Volt 2014 Abstract SECF
|Experimental basis for the “inflammaging” theory.
Inflammaging involves a persistent pro-inflammatory state coursing with cardiac and energy metabolism alterations. This chronic, subclinical inflammatory process is directly related to the susceptibility increase of the elderly to the aging process itself. The recent discovery of the NFkB/mitochondria/NLRP3 connection during the innate immune response to inflammatory signals, leads us to explore this pathway and its relation with the hyperoxidative state of aging.
Three and eighteen months-old C57BL/6J mice were used. Mice were sacrificed and their hearts collected and processed immediately for mitochondrial respiration, or frozen to -80 °C. The expression and levels of key molecules involved in NF-kB/NLRP3 signaling pathways were analyzed by qRT-PCR and Western-blot, respectively; DNA-binding capacity of NF-κB p65 subunit was assessed by ELISA, and cytosolic oxidative stress was spectrophotometrically measured.
Our results show the existence of an enhanced basal proinflammatory status in aged mice, which was related to the both NLRP3 inflammasome and NF-kB innate immunity pathways activation. These changes were accompanied by a rise in pro-inflammatory cytokines (IL-1β, TNF-α), and enzymes (iNOS) expression, as well as a hyperoxidative state and mitochondrial failure. Moreover, inflammation was followed by the rise in the nuclear level and deacetylase activity of Sirtuin-1.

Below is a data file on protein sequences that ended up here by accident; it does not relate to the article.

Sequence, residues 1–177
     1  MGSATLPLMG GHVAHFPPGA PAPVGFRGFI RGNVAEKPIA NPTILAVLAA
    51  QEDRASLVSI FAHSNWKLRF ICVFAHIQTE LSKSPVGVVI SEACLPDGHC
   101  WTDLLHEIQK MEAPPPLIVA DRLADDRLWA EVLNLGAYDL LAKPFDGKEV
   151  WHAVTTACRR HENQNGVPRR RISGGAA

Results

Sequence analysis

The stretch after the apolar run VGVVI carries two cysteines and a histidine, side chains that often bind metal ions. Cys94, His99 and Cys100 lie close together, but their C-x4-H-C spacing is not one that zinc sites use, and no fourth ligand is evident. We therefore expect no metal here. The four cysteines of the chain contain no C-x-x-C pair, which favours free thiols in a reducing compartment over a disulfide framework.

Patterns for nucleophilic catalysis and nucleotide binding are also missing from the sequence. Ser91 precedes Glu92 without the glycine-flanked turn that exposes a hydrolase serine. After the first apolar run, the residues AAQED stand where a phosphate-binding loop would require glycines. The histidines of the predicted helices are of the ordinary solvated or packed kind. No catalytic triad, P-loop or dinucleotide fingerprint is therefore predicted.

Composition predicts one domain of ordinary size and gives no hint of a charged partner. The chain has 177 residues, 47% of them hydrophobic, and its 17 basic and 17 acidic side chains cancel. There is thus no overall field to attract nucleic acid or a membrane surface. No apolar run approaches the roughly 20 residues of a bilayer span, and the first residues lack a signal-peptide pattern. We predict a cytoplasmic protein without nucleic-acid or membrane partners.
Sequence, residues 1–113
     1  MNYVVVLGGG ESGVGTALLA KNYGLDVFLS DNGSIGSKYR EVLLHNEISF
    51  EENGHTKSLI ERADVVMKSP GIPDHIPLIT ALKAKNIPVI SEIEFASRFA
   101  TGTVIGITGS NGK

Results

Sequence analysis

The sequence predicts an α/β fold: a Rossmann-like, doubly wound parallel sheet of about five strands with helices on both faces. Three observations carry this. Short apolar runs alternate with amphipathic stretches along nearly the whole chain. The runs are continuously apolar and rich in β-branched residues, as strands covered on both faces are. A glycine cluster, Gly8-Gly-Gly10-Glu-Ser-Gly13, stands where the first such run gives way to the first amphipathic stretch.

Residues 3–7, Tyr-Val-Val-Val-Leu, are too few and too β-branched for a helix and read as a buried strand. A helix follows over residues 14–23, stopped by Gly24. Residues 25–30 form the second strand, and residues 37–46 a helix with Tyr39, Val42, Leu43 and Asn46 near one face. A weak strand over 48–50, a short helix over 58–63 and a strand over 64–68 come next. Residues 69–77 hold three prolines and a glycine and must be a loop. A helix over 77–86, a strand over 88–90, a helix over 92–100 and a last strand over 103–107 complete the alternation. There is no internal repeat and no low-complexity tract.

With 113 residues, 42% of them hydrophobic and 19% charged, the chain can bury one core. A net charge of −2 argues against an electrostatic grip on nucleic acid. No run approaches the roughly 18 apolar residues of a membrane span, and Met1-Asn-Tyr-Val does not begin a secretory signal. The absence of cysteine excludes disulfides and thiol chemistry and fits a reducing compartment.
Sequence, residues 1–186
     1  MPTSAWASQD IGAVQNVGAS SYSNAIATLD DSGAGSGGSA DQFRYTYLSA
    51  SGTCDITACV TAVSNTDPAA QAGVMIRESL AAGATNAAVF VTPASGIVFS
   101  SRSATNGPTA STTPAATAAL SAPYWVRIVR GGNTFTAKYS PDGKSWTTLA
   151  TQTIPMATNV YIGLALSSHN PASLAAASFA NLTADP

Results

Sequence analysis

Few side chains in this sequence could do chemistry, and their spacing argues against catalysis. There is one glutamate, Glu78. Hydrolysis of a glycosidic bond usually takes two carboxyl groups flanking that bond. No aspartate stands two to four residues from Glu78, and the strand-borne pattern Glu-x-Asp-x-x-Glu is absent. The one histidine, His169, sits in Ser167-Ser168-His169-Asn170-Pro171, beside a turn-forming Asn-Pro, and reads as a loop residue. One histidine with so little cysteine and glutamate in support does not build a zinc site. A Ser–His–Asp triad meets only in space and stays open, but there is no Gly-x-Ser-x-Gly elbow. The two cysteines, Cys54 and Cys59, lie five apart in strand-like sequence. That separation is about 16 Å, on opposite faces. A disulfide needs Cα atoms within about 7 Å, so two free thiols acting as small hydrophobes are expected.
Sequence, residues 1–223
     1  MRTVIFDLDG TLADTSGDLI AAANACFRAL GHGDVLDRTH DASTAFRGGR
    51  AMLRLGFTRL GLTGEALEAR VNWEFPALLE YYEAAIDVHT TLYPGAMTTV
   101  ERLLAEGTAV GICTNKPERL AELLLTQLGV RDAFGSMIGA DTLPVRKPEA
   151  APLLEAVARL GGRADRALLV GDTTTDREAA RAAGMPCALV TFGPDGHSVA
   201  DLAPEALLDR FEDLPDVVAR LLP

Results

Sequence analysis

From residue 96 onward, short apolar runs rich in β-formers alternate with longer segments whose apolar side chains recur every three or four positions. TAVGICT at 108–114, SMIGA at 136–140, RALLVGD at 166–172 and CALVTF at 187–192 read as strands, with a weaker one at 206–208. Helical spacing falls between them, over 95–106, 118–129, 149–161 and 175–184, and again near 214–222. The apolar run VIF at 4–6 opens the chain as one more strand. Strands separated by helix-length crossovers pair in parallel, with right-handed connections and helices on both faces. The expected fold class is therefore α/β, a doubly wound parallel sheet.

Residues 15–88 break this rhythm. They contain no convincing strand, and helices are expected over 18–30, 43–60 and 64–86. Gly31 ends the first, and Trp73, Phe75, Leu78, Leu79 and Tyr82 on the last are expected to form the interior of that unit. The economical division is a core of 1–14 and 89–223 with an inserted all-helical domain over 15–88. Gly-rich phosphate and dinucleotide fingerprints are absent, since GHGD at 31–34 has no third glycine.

The results support NLRP3 inflammasome as a novel molecular signaling pathway during aging and identify it as a main target for the action of several anti-inflammatory and antioxidant agent. Furthermore, the results shows the importance of the chronic pro-inflammatory state during aging process.
• Keywords: aging, inflammasome NLRP3, Sirtuin-1
• O2k-Network Lab: ES Granada Acuna-Castroviejo D
Labels: MiParea: Respiration Pathology: Aging;senescence
Organism: Mouse Tissue;cell: Heart
HRR: Oxygraph-2k Event: Oral
1-Instituto de Biotecnología, Centro de Investigación Biomédica, Parque Tecnológico de Ciencias de la Salud, Universidad de Granada, Avda. Del Conocimiento s/n, 18100 Armilla, Granada, Spain. 2-Departamento de Fisiología, Facultad de Medicina,Universidad de Granada, Avenida de Madrid 11, 18012 Granada, Spain. 3-Unidad de Gestión Clínica de Laboratorios Clínicos, Hospital Universitario San Cecilio, Avenida Dr. Olóriz s/n, 18012 Granada, Spain.
Supported by grants # PI08-1664; P07-CTS-03135 and PI13-00981